Even in its present limited form, cadaveric donation in India largely benefits the rich. Also, given the cost, transplantation is at present offered to a miniscule minority of patients suffering from end stage disease of organs. In the context of presumed consent, where all sections of society will be involved, it is difficult to see how, in an already lopsided system, one ensures equitable distribution of organs based on those who need it rather than those who can afford it. And do we have the ability to monitor the implementation of such a system in the completely unregulated market of healthcare and protect it from potential abuse? Thus, whilst trying to achieve an increase in organ availability by such a drastic leap, are the proponents of this system willing to go beyond availability and simultaneously look at making transplantation accessible, equitable and ethical?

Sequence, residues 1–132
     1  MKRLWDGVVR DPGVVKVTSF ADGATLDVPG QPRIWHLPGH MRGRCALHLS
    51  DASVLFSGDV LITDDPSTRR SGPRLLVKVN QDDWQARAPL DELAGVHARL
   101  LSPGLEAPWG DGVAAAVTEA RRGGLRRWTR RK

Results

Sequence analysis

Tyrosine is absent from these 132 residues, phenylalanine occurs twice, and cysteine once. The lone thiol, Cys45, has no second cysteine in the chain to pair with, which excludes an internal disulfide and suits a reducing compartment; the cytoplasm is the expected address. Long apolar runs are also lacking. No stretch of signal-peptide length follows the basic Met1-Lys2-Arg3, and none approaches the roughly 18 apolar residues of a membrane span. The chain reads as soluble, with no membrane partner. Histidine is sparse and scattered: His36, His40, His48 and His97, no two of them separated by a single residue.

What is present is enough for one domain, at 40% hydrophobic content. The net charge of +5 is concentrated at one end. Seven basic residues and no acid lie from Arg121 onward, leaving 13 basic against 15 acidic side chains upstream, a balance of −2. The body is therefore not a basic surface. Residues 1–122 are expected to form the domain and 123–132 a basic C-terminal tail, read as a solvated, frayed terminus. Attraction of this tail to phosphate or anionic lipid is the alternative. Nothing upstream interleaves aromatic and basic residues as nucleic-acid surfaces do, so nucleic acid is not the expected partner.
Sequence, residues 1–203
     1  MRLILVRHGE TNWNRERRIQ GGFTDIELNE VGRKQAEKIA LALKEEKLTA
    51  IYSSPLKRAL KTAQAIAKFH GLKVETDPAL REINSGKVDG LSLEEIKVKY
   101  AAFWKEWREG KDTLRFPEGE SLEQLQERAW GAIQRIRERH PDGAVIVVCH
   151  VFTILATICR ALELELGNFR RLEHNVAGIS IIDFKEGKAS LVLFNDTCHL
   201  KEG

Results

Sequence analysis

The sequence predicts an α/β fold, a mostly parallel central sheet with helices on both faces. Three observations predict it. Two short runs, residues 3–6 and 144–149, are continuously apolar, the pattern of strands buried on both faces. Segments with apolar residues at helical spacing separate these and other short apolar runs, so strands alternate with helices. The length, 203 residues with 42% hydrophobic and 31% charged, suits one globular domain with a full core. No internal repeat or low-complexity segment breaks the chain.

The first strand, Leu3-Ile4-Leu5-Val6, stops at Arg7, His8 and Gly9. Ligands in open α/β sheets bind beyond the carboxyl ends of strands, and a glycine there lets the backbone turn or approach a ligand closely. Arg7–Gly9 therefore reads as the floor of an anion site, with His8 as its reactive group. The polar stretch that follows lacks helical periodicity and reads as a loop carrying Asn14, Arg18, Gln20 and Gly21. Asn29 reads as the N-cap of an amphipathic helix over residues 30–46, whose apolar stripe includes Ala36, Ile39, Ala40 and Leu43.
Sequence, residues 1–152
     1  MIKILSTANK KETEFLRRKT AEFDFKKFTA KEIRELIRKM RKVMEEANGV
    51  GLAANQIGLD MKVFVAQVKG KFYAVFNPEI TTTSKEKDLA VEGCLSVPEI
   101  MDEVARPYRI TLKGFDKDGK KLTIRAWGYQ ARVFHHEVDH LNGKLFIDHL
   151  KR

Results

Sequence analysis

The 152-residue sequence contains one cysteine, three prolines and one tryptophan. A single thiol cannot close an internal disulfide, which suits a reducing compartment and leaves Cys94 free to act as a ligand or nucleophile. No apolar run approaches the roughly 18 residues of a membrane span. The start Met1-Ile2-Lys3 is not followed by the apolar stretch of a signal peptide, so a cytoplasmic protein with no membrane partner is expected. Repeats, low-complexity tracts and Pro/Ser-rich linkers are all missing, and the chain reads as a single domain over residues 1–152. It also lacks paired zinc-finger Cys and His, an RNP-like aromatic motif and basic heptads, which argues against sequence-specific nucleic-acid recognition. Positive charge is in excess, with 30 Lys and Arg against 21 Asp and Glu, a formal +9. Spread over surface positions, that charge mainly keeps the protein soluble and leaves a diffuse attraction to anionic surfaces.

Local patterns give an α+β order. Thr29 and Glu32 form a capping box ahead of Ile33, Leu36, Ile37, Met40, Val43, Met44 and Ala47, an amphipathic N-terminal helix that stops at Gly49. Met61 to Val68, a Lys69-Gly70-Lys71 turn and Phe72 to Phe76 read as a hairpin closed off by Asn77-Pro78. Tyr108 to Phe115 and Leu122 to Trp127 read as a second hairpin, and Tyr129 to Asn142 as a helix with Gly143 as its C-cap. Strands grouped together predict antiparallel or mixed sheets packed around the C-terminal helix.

References

  1. Kaushik J. Organ transplant and presumed consent: towards an "opting out" system. Indian J Med Ethics 2009 Jul-Sep; 6(3): 149-52.
About the Authors

Sanjay Nagral

Surgeon

Jaslok Hospital, Mumbai 400026 India